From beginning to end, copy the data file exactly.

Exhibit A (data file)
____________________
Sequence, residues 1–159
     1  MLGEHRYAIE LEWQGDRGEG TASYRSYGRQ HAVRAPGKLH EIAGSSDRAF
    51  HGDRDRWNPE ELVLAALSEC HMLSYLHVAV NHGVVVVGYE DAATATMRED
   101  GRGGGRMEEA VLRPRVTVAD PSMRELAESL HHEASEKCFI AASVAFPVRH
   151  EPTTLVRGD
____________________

Sequence, residues 1–159
     1  MLGEHRYAIE LEWQGDRGEG TASYRSYGRQ HAVRAPGKLH EIAGSSDRAF
    51  HGDRDRWNPE ELVLAALSEC HMLSYLHVAV NHGVVVVGYE DAATATMRED
   101  GRGGGRMEEA VLRPRVTVAD PSMRELAESL HHEASEKCFI AASVAFPVRH
   151  EPTTLVRGD